When you think of a “hacker” what do you picture? Is it a child computer genius with incredible math skills? A wild former spy with a unique skillset and a grudge? A criminal working to undermine the security of the world by “breaking in” to things? Or what about a tinkerer, a creator, a maker?
Certainly, all of the people described above could be referred to as “hackers” in different contexts. Which leaves us with the question: “what exactly is meant by the label ‘hacker’?” This elusive definition has been troubling me for quite a while. So, I started looking into it. I spent a fair amount of time thinking about this subject, drawing from my 9 years of experience in Infosec, and my work as an “ethical” hacker; as well as my connections and travels within and without the infosec community. Finally, I think I have an answer.
You won’t find what I’m about to tell you in a textbook anywhere. It’s not in the dictionary, and its certainly not understood by the layman. If you think my analysis is incorrect, I would like to hear any challenges you might have to offer. Let’s get to the bottom of this.
There are essentially two different definitions of hacker, and two different hacker communities. Both of which have significant overlap. These two communities share many of the same people, networks, contacts, goals, etc. But they are both centered around two very distinct centers of power. The first of these two communities is the “SANS” style hacker.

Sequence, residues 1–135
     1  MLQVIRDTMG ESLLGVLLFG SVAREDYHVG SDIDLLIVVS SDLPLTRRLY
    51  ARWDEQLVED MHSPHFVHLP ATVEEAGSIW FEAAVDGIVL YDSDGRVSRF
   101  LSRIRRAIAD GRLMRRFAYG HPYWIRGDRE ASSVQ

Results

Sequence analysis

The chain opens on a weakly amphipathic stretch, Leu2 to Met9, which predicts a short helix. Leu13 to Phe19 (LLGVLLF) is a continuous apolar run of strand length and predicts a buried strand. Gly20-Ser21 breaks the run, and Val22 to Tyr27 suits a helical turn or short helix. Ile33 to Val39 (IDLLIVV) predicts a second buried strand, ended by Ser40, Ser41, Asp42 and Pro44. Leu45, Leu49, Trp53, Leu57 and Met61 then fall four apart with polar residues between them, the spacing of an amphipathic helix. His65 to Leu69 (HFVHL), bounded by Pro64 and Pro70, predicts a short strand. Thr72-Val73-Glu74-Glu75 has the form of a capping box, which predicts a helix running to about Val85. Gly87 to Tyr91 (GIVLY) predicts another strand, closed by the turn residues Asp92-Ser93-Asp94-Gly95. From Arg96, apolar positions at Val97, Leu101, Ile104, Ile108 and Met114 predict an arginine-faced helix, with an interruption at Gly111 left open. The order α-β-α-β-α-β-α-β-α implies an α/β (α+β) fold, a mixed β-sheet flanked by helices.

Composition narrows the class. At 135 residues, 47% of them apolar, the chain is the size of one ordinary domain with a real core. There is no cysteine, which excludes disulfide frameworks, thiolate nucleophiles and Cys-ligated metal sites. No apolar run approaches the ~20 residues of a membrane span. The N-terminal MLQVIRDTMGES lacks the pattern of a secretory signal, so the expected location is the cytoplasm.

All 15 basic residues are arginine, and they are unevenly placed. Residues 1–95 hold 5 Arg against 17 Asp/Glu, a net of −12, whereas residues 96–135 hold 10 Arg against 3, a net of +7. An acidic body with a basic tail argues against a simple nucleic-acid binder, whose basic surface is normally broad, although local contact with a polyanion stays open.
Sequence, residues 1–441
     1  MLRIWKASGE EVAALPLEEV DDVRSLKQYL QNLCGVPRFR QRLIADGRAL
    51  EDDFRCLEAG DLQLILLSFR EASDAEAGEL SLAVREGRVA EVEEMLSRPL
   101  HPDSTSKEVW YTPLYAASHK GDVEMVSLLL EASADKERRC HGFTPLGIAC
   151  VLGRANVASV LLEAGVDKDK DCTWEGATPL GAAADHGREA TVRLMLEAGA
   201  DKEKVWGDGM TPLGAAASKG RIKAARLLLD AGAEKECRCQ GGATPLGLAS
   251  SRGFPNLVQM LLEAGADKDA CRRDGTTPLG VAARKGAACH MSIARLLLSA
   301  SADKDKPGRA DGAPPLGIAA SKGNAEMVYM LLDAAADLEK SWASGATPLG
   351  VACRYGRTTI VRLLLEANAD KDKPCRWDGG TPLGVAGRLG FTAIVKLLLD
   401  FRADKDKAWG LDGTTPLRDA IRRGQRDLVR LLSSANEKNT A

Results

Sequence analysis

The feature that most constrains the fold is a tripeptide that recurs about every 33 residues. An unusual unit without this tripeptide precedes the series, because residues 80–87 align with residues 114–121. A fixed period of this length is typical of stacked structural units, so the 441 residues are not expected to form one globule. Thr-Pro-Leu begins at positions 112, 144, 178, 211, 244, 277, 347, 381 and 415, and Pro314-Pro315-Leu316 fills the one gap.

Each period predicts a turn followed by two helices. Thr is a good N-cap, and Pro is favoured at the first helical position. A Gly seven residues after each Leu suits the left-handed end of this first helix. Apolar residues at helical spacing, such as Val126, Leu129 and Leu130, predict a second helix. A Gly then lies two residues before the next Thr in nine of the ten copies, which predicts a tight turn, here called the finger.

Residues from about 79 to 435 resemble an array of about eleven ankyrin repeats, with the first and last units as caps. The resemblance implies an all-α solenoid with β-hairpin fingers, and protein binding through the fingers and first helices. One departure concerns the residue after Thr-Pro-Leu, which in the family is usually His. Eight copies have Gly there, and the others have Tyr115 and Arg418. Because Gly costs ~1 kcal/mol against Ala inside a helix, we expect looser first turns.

This community is built around the nexus of power that is the government. The people within this community are the same types of people that you might generally see at a SANS conference. They might work for the government directly, or otherwise be employed in a job which in some other way, directly or indirectly is subservient to the regulation imposed upon them by the demands of law. These people are often everyday security practitioners, many of whom value above all else, access.
Think, members of the US Department of Defense, employees of large corporations, multinationals, banks, etc. The rigidity of government regulatory activity defines the nature of this community’s operational modality. Essentially, this community’s demands are placed upon it from the top down. That is, someone somewhere sends down an edict to “do security”. This edict then must be carried out to the best that the lower group’s technical resources can muster. Therefore, it is no wonder that the primary driver of this group is: “access”, how to get it, how to keep it, and how to keep others from it. Their whole world is defined by the necessity of “cybersecurity” in daily operations, or in light of government regulation.
It is for this very reason that SANS training is largely a condensed computer science degree. Designed to offer to those who might not otherwise be able to develop their own techniques, tools, exploits, etc… The knowledge to empower them to prioritize the tips, tricks, secrets, etc… of the illustrious “hacker”; and thereby learn to execute in their mission -> to gain and manipulate “access”.